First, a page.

Six years ago today the Brookings Institution released a report Sustained Budget Deficits: Longer-Run U.S. Economic Performance and the Risk of Financial and Fiscal Disarray that speculates the outcome that we outlined in our 1999 theory of a final asset price deflation and reflation cycle that pushes the U.S. economy over the edge into a debt and currency crisis.

The U.S. federal budget is on an unsustainable path. In the absence of significant policy changes, federal government deficits are expected to total around $5 trillion over the next decade. Such deficits will cause U.S. government debt, relative to GDP, to rise significantly. Thereafter, as the baby boomers increasingly reach retirement age and claim Social Security and Medicare benefits, government deficits and debt are likely to grow even more sharply. The scale of the nation's projected budgetary imbalances is now so large that the risk of severe adverse consequences must be taken very seriously, although it is impossible to predict when such consequences may occur.

The adverse consequences of sustained large budget deficits may well be far larger and occur more suddenly than traditional analysis suggests, however. Substantial deficits projected far into the future can cause a fundamental shift in market expectations and a related loss of confidence both at home and abroad. The unfavorable dynamic effects that could ensue are largely if not entirely excluded from the conventional analysis of budget deficits. This omission is understandable and appropriate in the context of deficits that are small and temporary; it is increasingly untenable, however, in an environment with deficits that are large and permanent. Substantial ongoing deficits may severely and adversely affect expectations and confidence, which in turn can generate a self-reinforcing negative cycle among the underlying fiscal deficit, financial markets, and the real economy:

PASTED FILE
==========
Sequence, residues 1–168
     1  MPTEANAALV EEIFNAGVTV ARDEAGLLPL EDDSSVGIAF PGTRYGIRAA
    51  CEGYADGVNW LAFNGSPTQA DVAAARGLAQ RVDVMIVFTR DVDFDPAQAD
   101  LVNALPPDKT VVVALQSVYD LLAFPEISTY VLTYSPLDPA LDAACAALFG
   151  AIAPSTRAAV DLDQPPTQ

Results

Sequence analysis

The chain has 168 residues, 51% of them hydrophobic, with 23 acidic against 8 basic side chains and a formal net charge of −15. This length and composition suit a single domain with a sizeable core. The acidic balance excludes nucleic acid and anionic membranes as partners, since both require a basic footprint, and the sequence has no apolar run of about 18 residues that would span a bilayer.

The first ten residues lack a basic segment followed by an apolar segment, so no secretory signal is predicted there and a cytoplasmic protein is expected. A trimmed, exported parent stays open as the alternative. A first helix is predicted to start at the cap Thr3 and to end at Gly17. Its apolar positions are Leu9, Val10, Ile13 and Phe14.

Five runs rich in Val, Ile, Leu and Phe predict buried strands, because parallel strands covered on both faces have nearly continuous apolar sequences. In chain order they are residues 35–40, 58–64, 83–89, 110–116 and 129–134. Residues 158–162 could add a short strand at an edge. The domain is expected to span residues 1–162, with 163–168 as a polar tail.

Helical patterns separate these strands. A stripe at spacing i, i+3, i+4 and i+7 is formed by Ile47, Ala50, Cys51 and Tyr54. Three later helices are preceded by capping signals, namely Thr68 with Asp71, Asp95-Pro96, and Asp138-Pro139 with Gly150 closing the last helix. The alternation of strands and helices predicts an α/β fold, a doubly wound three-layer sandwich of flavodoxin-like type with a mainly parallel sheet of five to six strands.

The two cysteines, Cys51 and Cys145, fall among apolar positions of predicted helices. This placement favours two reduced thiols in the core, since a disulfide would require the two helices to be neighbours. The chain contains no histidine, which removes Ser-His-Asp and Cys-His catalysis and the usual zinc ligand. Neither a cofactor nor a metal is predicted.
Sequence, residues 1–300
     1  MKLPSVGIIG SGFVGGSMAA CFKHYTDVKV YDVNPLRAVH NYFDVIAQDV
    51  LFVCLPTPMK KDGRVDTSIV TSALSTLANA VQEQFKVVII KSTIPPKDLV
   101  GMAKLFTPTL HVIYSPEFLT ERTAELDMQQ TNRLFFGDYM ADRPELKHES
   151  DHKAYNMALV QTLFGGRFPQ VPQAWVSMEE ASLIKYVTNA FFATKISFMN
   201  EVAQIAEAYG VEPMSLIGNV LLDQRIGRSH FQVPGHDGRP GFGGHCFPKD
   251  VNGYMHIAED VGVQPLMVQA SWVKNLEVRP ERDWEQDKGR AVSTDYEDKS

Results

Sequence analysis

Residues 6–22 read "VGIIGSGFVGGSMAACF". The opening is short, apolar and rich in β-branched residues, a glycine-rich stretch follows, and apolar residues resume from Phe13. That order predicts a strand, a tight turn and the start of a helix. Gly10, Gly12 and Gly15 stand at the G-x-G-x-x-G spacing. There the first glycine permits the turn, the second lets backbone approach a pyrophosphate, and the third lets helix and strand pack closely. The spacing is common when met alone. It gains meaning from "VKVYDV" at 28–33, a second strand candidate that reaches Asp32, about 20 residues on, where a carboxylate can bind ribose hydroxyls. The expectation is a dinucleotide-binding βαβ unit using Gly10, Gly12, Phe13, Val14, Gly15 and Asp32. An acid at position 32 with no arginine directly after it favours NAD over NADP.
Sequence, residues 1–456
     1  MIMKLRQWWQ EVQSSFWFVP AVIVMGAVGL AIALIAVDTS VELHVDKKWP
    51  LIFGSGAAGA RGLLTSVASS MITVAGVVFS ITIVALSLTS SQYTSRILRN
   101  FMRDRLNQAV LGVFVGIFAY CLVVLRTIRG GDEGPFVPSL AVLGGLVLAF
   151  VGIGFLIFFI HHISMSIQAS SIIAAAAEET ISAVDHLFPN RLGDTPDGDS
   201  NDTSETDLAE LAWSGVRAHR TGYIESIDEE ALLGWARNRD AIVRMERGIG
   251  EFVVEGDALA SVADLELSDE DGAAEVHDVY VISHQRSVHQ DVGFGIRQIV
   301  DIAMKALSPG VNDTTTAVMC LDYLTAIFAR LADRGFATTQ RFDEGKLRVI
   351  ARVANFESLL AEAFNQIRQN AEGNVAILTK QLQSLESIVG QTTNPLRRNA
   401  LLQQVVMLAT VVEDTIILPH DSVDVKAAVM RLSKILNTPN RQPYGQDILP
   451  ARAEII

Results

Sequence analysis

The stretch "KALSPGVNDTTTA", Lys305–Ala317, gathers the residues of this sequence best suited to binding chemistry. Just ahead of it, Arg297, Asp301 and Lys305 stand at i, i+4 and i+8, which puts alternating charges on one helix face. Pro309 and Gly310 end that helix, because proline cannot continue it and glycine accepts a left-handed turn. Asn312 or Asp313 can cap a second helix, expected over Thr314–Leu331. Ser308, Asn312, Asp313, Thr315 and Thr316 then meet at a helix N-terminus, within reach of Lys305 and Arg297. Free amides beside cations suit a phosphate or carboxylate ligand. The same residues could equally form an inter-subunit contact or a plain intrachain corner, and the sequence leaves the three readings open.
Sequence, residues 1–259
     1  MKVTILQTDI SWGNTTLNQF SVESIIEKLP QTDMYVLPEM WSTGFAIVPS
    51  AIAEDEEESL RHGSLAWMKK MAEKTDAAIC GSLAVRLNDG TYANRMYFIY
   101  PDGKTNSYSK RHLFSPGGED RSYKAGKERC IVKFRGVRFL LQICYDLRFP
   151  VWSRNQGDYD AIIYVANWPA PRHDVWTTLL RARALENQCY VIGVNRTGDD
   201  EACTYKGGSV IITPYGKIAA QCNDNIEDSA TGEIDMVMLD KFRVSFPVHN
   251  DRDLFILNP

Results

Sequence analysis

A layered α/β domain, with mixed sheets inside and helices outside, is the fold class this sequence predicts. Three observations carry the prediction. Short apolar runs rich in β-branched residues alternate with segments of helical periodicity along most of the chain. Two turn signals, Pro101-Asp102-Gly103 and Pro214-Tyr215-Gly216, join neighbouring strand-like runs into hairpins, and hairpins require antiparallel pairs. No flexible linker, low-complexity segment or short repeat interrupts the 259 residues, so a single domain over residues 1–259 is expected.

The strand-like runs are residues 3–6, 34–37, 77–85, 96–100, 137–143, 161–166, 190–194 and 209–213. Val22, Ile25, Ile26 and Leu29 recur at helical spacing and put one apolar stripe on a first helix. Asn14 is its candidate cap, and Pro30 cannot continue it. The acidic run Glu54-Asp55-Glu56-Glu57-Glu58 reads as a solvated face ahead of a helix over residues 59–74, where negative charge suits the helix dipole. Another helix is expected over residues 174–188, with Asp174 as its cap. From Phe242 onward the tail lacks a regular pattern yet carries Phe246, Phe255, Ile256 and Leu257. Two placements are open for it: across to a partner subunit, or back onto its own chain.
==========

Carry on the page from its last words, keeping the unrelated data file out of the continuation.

* As traders, investors, and creditors become increasingly concerned that the government would resort to high inflation to reduce the real value of government debt or that a fiscal deadlock with unpredictable consequences would arise, investor confidence may be severely undermined;

* The fiscal and current account imbalances may also cause a loss of confidence among participants in foreign exchange markets and in international credit markets, as participants in those markets become alarmed not only by the ongoing budget deficits but also by related large current account deficits;

* The loss of investor and creditor confidence, both at home and abroad, may cause investors and creditors to reallocate funds away from dollar-based investments, causing a depreciation of the exchange rate, and to demand sharply higher interest rates on U.S. government debt;

• The increase of interest rates, depreciation of the exchange rate, and decline in confidence can reduce stock prices and household wealth, raise the costs of financing to business, and reduce private-sector domestic spending;
Where are we six years later?

We are much, much worse off. Now we're in a balance sheet recession, with interest rates near zero, dependent on government spending to grow the money supply.

One more crash away from Ka-Poom

We revised Ka-Poom Theory in 2006 using new data.

Today while finishing up our latest long article we noticed that our new analysis of the risks to U.S. debt and the dollar puts the 10-year Treasury bond in the range of 24% within five years. Our 2006 forecast was for a 20% discount rate by 2015. Unless the yield curve is inverted at the time, the new estimate we generated using a completely independent and unrelated analysis agrees with our old model that produced the Ka-Poom chart above.

Naturally, the most disturbing aspect of this is that the new analysis agrees with the model we created in 1999 and updated seven years later. We keep waiting for the model to break down again as it did in 2003 due to the housing bubble. Now it appears that the housing bubble didn't invalidate Ka-Poom but instead phase-shifted the event out by eight or nine years, from 2006/2007 to 2014/2015. But because these types of events usually occur immediately before or after national elections, 2012/2013 is a more likely target date for our trade. We’ll let you know when we’ve ironed out the details.

iTulip Select: The Investment Thesis for the Next Cycle™

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